5774 - #17



             When we consider the movement of time, we think of our watches or the calendar on the wall. Shemot 12:1 directs us to the movement of the moon. As Rashi specifically points out in the verse, it is the sight of the beginning of a new lunar cycle that is to mark the first day of a Jewish month. With this Torah command, it is clear that we are being directed to mark time through being attentive to the astronomical movements that surround us.1 We are to mark our months, and thus the Jewish holidays with their calendar dates, through seeing the moon.

            Rambam, Mishneh Torah, Hilchot Kiddush HaChodesh 1:5, however, places a caveat upon this.; Tthe establishment of the Shabbat is personal;. aAn individual, even solitarily, can count the days of the week and experience the sunset of the sixth day leading into the seventh that transforms this seventh day into Shabbat. Personal viewing of the new moon, though, does not have the same status. It is only when the court declares it to be a new month that this change in time is established. As Rambam points out, the sighting of the new moon is only given to the court. It is a communal undertaking, not a personal one. We are to see the moon, and respond, as a collective.

            Rambam, Mishneh Torah, Hilchot Kiddush HaChodesh 5:1,2, even expands upon this idea further. This right to declare a new month based upon the seeing of the new moon is actually only a matter which could be done by the Sanhedrin. This is still the optimum method of Kiddush hachodesh [sanctifying the new moon]. When there is a Sanhedrin, it is only proper for a new month to be declared in this manner. Absent the Sanhedrin, a properly constituted court can establish the new month but only through astronomical calculations.2 The establishment of a new month in direct response to seeing the new moon is only  aonly a matter for the highest court in the land. And so, although we are, indeed, optimally to mark our months through a collective response to seeing the new moon, this can only be done under the direction of the Sanhedrin. How are we, though, to understand this connection?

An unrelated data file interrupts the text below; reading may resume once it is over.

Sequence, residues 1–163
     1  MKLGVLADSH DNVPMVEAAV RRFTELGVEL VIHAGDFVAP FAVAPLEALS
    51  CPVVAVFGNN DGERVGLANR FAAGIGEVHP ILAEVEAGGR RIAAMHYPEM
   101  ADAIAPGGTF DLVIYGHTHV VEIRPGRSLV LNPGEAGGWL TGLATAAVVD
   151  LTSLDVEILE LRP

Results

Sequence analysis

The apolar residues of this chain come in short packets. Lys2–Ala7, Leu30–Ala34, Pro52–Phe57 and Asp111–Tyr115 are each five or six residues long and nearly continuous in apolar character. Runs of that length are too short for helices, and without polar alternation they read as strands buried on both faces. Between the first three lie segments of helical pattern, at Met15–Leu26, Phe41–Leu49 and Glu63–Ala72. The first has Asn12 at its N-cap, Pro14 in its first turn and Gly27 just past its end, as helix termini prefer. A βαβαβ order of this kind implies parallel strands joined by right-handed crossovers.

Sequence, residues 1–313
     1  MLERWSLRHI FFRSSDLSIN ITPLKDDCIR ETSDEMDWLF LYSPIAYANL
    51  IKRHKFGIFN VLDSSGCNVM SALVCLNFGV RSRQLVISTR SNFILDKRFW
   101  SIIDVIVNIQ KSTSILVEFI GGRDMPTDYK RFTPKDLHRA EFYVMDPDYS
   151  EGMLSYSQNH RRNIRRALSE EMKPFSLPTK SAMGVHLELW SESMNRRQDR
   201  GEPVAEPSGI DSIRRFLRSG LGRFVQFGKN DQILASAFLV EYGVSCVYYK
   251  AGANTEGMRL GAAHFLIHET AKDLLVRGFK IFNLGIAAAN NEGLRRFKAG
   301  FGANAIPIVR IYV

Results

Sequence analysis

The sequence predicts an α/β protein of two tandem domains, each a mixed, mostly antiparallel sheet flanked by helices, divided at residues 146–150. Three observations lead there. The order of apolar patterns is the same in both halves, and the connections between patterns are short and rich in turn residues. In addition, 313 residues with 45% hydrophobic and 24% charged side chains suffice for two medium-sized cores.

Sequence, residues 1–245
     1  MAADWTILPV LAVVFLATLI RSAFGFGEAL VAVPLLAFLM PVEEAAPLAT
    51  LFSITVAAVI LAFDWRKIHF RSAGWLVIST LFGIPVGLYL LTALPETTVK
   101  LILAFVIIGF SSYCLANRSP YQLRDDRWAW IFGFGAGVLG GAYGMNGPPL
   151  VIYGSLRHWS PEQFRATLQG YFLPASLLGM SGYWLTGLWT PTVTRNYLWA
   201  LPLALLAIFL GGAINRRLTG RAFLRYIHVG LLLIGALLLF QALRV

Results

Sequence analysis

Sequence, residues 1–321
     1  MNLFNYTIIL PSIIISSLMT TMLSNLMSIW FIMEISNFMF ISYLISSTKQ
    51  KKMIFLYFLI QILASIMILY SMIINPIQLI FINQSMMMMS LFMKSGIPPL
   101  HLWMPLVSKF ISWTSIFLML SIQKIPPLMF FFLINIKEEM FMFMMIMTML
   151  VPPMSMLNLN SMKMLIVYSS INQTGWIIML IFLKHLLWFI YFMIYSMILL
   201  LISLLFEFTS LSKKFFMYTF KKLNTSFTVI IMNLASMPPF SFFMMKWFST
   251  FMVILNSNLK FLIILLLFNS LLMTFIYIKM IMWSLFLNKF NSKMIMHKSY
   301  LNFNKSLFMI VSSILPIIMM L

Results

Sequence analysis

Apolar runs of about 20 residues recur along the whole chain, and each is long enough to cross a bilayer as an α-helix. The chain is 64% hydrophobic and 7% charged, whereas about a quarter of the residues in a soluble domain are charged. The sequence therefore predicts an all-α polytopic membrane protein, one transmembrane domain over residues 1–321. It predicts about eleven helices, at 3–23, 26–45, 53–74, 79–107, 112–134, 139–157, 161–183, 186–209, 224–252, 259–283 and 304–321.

If there is value in sanctifying the new moon through actually seeing it, why should this only occur if the Sanhedrin is existent?3 Truthfully, this rule that only a Sanhedrin can sanctify a new month in this manner is not universally accepted. Ramban, Commentary to Rambamís Sefer HaMitzvot, Aseh 153 disagrees with Rambam on this very point. He contends that we find many references to such sanctifications occurring even after there was no longer an official Sanhedrin.4 To Ramban, the value of sanctifying upon sight of the moon still had value, even absent a Sanhedrin. Nevertheless, Rambam did not see it this way. The further question, however, is: how does Rambam respond to the challenge of Ramban that we find many cases of the sanctifying of a new month through sighting even after the date of the official end of the Sanhedrin? The fact is that Rambam, Mishneh Torah, Hilchot Kiddush HaChodesh 5:3 refers, himself, to these cases. To Rambam, though, they were cases of sanctification by the Sanhedrin because he disagreed with Ramban on the date of the official end of the Sanhedrin.. Ramban based his understanding on a gemara that, as the Megillat Esther explains, Rambam understood much more narrowly. According to Rambam, the gemara was simply referring to the cessation of the Sanhedrinís power to try capital cases, as a result of thise change in venue. The Sanhedrin itself, though, was still an official Sanhedrin. Which returns us to the original question of why, at least according to Rambam, and despite the great value ascribed to sanctifying the new month through seeing the moon, that method can only be implemented with the involvement of the Sanhedrin?